Klebsiella pneumoniae (KP) remains the most prevalent nosocomial pathogen and carries the carbapenemase (KPC) gene which confers resistance towards carbapenem. Thus, it is necessary to discover novel antimicrobials to address the issue of antimicrobial resistance in such pathogens. Natural products such as essential oils are a promising source due to their complex composition. Essential oils have been shown to be effective against pathogens, but the overall mechanisms have yet to be fully explained. Understanding the molecular mechanisms of essential oil towards KPC-KP cells would provide a deeper understanding of their potential use in clinical settings. Therefore, we aimed to investigate the mode of action of essential oil against KPC-KP cells from a proteomic perspective by comparing the overall proteome profile of KPC-KP cells treated with cinnamon bark (Cinnamomum verum J. Presl) essential oil (CBO) at their sub-inhibitory concentration of 0.08% (v/v). A total of 384 proteins were successfully identified from the non-treated cells, whereas only 242 proteins were identified from the CBO-treated cells. Proteins were then categorized based on their biological processes, cellular components and molecular function prior to pathway analysis. Pathway analysis showed that CBO induced oxidative stress in the KPC-KP cells as indicated by the abundance of oxidative stress regulator proteins such as glycyl radical cofactor, catalase peroxidase and DNA mismatch repair protein. Oxidative stress is likely to oxidize and disrupt the bacterial membrane as shown by the loss of major membrane proteins. Several genes selected for qRT-PCR analysis validated the proteomic profile and were congruent with the proteomic abundance profiles. In conclusion, KPC-KP cells exposed to CBO undergo oxidative stress that eventually disrupts the bacterial membrane possibly via interaction with the phospholipid bilayer. Interestingly, several pathways involved in the bacterial membrane repair system were also affected by oxidative stress, contributing to the loss of cells viability.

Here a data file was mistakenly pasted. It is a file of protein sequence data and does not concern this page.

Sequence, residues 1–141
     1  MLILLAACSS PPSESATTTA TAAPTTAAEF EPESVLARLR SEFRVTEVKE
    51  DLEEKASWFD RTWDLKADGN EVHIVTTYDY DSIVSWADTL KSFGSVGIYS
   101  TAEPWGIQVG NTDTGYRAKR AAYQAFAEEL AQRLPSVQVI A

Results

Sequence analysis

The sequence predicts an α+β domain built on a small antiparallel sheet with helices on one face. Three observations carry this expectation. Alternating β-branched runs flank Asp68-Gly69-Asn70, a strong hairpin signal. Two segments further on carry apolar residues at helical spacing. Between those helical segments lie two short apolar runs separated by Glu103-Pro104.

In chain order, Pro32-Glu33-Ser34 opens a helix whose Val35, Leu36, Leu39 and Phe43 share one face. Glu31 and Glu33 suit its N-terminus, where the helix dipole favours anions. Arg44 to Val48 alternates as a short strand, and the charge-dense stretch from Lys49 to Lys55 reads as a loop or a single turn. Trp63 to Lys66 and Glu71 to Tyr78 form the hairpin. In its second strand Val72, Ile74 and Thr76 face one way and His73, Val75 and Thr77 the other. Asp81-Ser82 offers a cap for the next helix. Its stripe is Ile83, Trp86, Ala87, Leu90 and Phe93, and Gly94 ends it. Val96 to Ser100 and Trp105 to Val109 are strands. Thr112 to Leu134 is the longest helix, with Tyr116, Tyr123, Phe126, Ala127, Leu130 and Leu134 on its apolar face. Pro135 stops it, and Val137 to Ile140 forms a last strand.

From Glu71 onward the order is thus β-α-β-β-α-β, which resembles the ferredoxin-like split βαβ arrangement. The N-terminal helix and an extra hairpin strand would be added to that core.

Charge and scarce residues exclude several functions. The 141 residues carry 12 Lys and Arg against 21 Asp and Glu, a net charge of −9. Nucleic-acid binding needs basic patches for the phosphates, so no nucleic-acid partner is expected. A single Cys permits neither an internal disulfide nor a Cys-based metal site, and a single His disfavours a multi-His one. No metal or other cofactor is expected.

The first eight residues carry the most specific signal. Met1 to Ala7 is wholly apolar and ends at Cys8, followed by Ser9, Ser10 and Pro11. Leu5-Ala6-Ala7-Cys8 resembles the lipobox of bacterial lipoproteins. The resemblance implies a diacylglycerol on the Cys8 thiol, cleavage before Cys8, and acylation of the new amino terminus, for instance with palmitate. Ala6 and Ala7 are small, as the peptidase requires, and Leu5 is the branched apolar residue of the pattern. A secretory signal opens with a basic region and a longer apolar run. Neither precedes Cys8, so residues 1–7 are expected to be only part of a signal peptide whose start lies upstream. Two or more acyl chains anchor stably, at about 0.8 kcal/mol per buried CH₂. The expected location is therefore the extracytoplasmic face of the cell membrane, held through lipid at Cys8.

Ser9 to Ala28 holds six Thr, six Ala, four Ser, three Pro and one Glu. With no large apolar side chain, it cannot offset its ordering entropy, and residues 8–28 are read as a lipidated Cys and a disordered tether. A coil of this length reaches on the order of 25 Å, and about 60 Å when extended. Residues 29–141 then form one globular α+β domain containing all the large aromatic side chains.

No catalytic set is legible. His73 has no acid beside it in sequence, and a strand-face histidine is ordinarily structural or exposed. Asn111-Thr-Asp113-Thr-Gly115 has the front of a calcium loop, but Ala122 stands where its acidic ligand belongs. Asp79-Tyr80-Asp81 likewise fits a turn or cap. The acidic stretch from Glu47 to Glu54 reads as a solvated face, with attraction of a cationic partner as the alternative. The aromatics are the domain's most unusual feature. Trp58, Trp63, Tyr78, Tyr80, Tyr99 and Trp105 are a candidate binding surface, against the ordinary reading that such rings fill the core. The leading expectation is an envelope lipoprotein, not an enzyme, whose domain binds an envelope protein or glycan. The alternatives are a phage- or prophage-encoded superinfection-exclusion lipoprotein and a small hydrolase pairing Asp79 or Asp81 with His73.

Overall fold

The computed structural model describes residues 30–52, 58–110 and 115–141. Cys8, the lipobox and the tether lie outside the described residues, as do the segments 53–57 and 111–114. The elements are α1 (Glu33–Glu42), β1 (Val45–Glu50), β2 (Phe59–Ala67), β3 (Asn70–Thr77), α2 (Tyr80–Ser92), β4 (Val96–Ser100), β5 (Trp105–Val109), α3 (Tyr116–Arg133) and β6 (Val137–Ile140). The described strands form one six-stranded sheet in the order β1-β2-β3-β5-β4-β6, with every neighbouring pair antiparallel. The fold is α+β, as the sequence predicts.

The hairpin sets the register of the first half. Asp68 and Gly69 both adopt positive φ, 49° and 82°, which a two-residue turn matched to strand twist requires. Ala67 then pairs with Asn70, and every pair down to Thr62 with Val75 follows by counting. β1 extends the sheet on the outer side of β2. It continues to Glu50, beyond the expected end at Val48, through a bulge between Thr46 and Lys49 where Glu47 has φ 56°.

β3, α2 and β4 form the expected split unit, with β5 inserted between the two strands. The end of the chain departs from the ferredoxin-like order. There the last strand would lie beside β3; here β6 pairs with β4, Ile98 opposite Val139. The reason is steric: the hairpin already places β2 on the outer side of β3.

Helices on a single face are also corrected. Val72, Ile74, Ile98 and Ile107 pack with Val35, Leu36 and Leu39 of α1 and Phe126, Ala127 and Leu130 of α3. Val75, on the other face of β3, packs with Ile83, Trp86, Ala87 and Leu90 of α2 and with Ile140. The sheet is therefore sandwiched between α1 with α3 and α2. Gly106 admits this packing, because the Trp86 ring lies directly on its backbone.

Klebsiella spp. are Gram-negative rod shaped bacteria that cause bacterial pneumonia with a high fatality rate if infection remains untreated in the clinical setting [1]. Globally, the vast majority of Klebsiella infections are hospital-acquired. Nosocomial Klebsiella infections are mainly caused by Klebsiella pneumoniae, the medically most important species of the genus which primarily attacks immune-compromised individuals who are hospitalized and suffer from severe underlying diseases such as diabetes mellitus, chronic pulmonary obstruction or even cancer. It is estimated that Klebsiella spp. cause 8% of all nosocomial bacterial infections in the United States and Europe, with 50.1% of these cases being caused by Klebsiella pneumoniae placing Klebsiella spp. among the eight most important infectious pathogens in hospitals [1]. In 1983, the first report of a plasmid-mediated extended spectrum beta-lactamases (ESBLs) capable of hydrolyzing extended-spectrum cephalosporins was discovered [2,3]. Carbapenems are one of the last lines of antibiotic treatment for severe drug-resistant bacterial infections, and are now the treatment of choice for serious infections caused by pathogens carrying the ESBL gene. This has led to an increased reliance on carbapenems in clinical practice [4]. In tandem with this, the first carbapenemase producing K. pneumoniae isolate was reported in North Carolina in 2001. This enzyme was termed K. pneumoniae carbapenemase (KPC) and conferred resistance to carbapenem antibiotics [5]. KPCs are encoded by the gene blaKPC, whose potential for inter-species and geographic dissemination is largely explained by its location within a Tn3-type transposon, Tn4401 that is capable of inserting itself into diverse plasmids of Gram-negative bacteria. Although K. pneumoniae remains the most prevalent bacterial species carrying KPCs, the enzyme has been identified in several other Gram-negative bacilli such as Escherichia coli, Pseudomonas aeruginosa and Salmonella enterica due to horizontal gene transfer [6]. To worsen this issue, KPC-producing K. pneumoniae (KPC-KP) possesses innate antibiotic resistance in the form of an efflux pump, which generally removes the antibiotics that have penetrated the bacterial membrane, from the cytoplasm into the extracellular environment. Membrane permeability can also be altered in the presence of antibiotics; preventing the access of antibiotics into the cells, which when coupled to the other mechanisms, enables resistance against higher concentrations of antibiotics [7].